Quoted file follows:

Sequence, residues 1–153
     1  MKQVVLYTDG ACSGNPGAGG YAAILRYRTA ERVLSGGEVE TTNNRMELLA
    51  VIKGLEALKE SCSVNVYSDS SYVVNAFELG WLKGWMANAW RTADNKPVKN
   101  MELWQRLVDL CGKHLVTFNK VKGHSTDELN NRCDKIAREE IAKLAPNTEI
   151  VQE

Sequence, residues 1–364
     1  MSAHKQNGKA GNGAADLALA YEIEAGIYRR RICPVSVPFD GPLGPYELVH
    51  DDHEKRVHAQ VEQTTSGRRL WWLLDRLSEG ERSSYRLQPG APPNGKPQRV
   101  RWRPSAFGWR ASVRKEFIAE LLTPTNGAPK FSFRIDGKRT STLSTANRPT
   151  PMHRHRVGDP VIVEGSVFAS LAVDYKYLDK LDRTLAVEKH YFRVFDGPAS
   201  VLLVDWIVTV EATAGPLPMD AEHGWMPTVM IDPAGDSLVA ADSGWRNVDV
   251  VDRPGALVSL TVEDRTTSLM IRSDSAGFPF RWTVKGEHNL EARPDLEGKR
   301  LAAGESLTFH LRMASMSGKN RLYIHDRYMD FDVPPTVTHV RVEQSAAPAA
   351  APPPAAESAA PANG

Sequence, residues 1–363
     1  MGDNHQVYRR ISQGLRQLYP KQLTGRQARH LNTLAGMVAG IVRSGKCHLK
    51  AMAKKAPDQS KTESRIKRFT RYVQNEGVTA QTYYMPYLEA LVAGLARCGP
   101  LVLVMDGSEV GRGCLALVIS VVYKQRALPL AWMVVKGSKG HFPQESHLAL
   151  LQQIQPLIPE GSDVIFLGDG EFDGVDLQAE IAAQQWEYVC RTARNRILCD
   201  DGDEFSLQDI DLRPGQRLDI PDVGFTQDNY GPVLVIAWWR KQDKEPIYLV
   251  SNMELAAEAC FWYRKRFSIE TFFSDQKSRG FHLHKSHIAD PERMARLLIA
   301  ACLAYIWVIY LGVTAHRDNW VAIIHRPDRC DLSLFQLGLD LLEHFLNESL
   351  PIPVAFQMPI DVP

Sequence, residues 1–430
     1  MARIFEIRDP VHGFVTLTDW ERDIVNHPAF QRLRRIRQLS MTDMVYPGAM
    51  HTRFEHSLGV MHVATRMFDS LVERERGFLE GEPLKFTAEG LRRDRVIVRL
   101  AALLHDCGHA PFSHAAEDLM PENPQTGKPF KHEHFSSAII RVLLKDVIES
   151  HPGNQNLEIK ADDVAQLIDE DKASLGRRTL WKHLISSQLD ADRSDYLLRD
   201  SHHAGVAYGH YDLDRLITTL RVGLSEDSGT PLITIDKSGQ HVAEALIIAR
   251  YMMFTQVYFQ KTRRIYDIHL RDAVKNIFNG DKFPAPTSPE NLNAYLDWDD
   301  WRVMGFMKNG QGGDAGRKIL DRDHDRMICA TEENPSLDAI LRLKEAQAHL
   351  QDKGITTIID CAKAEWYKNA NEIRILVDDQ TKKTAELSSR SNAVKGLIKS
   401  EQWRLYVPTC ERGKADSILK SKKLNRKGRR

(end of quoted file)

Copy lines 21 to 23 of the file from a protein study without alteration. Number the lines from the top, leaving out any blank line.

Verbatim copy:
   251  SNMELAAEAC FWYRKRFSIE TFFSDQKSRG FHLHKSHIAD PERMARLLIA
   301  ACLAYIWVIY LGVTAHRDNW VAIIHRPDRC DLSLFQLGLD LLEHFLNESL
   351  PIPVAFQMPI DVP